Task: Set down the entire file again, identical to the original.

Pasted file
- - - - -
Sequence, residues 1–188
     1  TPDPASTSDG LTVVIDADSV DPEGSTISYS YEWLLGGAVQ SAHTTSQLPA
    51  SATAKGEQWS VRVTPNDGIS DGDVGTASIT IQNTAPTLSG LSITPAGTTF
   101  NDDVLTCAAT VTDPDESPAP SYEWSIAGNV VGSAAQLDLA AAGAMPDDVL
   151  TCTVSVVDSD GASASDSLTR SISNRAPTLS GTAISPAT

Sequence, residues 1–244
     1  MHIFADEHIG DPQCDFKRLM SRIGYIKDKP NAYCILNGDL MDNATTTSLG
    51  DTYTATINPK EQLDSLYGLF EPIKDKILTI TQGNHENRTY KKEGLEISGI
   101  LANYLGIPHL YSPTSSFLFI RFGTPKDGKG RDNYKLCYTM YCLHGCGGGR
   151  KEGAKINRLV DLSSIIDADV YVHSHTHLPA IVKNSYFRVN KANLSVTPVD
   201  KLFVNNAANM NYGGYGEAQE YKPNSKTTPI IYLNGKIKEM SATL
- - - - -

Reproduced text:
Sequence, residues 1–188
     1  TPDPASTSDG LTVVIDADSV DPEGSTISYS YEWLLGGAVQ SAHTTSQLPA
    51  SATAKGEQWS VRVTPNDGIS DGDVGTASIT IQNTAPTLSG LSITPAGTTF
   101  NDDVLTCAAT VTDPDESPAP SYEWSIAGNV VGSAAQLDLA AAGAMPDDVL
   151  TCTVSVVDSD GASASDSLTR SISNRAPTLS GTAISPAT

Sequence, residues 1–244
     1  MHIFADEHIG DPQCDFKRLM SRIGYIKDKP NAYCILNGDL MDNATTTSLG
    51  DTYTATINPK EQLDSLYGLF EPIKDKILTI TQGNHENRTY KKEGLEISGI
   101  LANYLGIPHL YSPTSSFLFI RFGTPKDGKG RDNYKLCYTM YCLHGCGGGR
   151  KEGAKINRLV DLSSIIDADV YVHSHTHLPA IVKNSYFRVN KANLSVTPVD
   201  KLFVNNAANM NYGGYGEAQE YKPNSKTTPI IYLNGKIKEM SATL